Clergy Rating (CR) SystemPosted: December 6, 2010
In the past, I’ve suggested the creation of clergy trading cards. But now, during the height of football season, I’d like to introduce a new concept: the Clergy Rating (or CR). With the ever-popular and hotly debated Quarterback Rating used to determine a passer’s performance, I’m advocating for a similar tool to judge a cleric’s Sunday morning acumen.
Why should Monday morning quarterbacking be left exclusively to football fans. Hello?! If you can’t sit around and critique your clergy around the water cooler on Monday morning, why even bother going to church on Sunday?
Here’s how it works: the priest is judged in two broad categories over which they have vast control — liturgy and preaching — and then several minor categories such as acolyte attentiveness and dress, attendance, quality of the coffee at coffee hour, etc. The CR is weighted most heavily in the two major categories but decent liturgy and an excellent sermon will still get dragged down slightly by poor quality incense, an acolyte wearing purple Converse hightops, and so on.
A perfect score is 100. Liturgy counts for 40%, preaching for 40%, and everything else adds up to 20% of the score. Simple, right? Even math-challenged Trinitarians (1+1+1=1) can figure this out. And because there is a degree of subjectivity (but only a little), the new CR will make great fodder for Monday morning talk radio (“Bob in Natick completely disagrees with our assessment that Fr. Smith had a good day behind the altar: ‘Are you kidding me? He totally bungled the breaking of the bread!'”).
To give you an idea of how this works in practice, I’ll rate a Sunday morning performance from a service I attended this summer in an undisclosed location. The cleric in question received a CR of 64. Here’s how the rating was derived:
Liturgy: 23 (out of 40) I have to say that 23 was generous. Points were deducted for not wearing a chasuble (It doesn’t matter if it’s 100 degrees; inappropriate liturgical attire is an automatic 5 point deduction); forgetting the words of the Collect for Purity and having to find reading glasses to finish it (3 point deduction); The Peace was basically a group hug and lasted as long as coffee hour (4 point deduction); sloppy or untoward manual acts (4 point deduction); and stumbling over the words of Institution (1 point deduction).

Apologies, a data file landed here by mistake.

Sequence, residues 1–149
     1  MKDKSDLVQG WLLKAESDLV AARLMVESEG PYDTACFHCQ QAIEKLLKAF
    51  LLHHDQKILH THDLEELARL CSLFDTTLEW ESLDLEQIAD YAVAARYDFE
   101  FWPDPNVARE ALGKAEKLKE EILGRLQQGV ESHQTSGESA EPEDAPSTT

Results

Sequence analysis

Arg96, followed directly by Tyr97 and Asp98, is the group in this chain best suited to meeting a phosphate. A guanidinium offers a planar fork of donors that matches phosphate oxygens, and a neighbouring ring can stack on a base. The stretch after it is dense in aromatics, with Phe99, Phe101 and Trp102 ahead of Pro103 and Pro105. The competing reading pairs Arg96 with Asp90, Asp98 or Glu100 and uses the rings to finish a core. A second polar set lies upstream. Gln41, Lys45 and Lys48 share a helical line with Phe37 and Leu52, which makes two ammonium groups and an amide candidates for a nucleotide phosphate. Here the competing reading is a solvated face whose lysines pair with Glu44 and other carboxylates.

Preaching: 31 (out of 40) Overall a decent sermon for the middle of August. Points were deducted for an annoying hair flip habit in the pulpit; laughing at her own (mediocre) joke; and using a hint of a “stained glass voice.”
Other: 10 (out of 20) I didn’t take off for the low attendance — again, it was August. But points were deducted for the usher who grunted at me when handing me a bulletin (2 points); the adult acolyte who fell asleep during the sermon (3 points); and the lack of coffee at “coffee hour” (You can’t just have lemonade! — 5 point deduction.)
I hope this little lesson has been helpful as you begin to calculate your own priest’s CR at Sunday morning liturgies. Remember, clergy should always be judged, subjected to harsh critique, and then talked about behind their backs. Especially during coffee hour. This all helps to build up the Body of Christ.
And hey, if you can’t stand the heat, get out of the sacristy.